Tamworth Distilling invites you to come celebrate the release of Chocorua 100% Rye Whiskey!
Guided Nature Walk
Sunday, October 15th
Rain or shine
Only 10 spots are available, e-mail info@tamworthdistilling to reserve yours today. Meeting location will be provided to attendees upon registration.
Join us for a two-hour guided walk through the Frank Bolles Nature Preserve and the Scott Preserve, which lie between the foot of Mt. Chocorua and Chocorua Lake, with wildlife ecologist Lynne Flaccus. Learn about the rich history of Mt. Chocorua and how Tamworth Distilling is giving back to the area.
“The 247-acre Frank Bolles Nature Preserve lies at the foot of Mount Chocorua and touches the northern shore of Chocorua Lake. Protected for its outstanding diversity, the preserve includes forest lands, wooded swamps, upland streams, woodland clearings, glacially formed kettleholes and eskers, and lake frontage. Each of these ecosystems supports a considerable array of plants and wildlife: approximately one hundred and sixty species each of flora and fauna have been observed within the preserve. Moose, black bear, white-tailed deer, porcupine, red fox, short-tailed weasel, raccoon, otter, and snowshoe hare are some of the species that occupy this unique natural area.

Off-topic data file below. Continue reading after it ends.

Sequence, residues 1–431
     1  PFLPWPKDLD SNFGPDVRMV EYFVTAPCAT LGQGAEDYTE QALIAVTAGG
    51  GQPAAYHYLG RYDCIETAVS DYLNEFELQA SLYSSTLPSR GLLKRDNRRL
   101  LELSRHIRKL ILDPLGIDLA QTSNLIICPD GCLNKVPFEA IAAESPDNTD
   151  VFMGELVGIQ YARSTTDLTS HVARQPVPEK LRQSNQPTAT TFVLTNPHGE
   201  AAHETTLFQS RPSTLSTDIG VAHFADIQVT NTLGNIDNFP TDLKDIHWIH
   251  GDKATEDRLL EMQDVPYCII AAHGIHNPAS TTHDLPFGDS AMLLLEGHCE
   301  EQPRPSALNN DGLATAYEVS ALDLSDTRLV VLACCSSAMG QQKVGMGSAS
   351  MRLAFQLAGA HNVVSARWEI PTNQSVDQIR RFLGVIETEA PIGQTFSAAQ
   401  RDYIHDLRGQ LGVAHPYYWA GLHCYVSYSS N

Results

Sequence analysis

The preserve is well buffered by thickly-wooded, privately-owned areas to the east and south. Just north is the White Mountain National Forest; the 268-acre Clark Reserve owned by the Chocorua Lake Conservancy lies along the preserve’s western flank. Together, the Frank Bolles Nature Preserve and the Clark Reserve form a 518-acre natural area.
One of the most interesting features of the Frank Bolles Nature Preserve is Heron Pond (also known as “Lonely Lake”), an eight-acre kettlehole whose water level fluctuates in a strange manner not entirely related to water tables. At times, the water level is so low that the pond’s small island is connected to the mainland on both sides, dividing Heron Pond into two ponds. On the neighboring Clark Reserve is “The Valley of the Boulders,” an unusual deposit of large glacial boulders, many cleaved by frost action. From the shore of Chocorua Lake, the reserve’s terrain rises gradually and steadily westward to an altitude of 1,100 feet at the summit of Bickford Heights. The peak is about thirty feet over the border into the Clark Reserve.”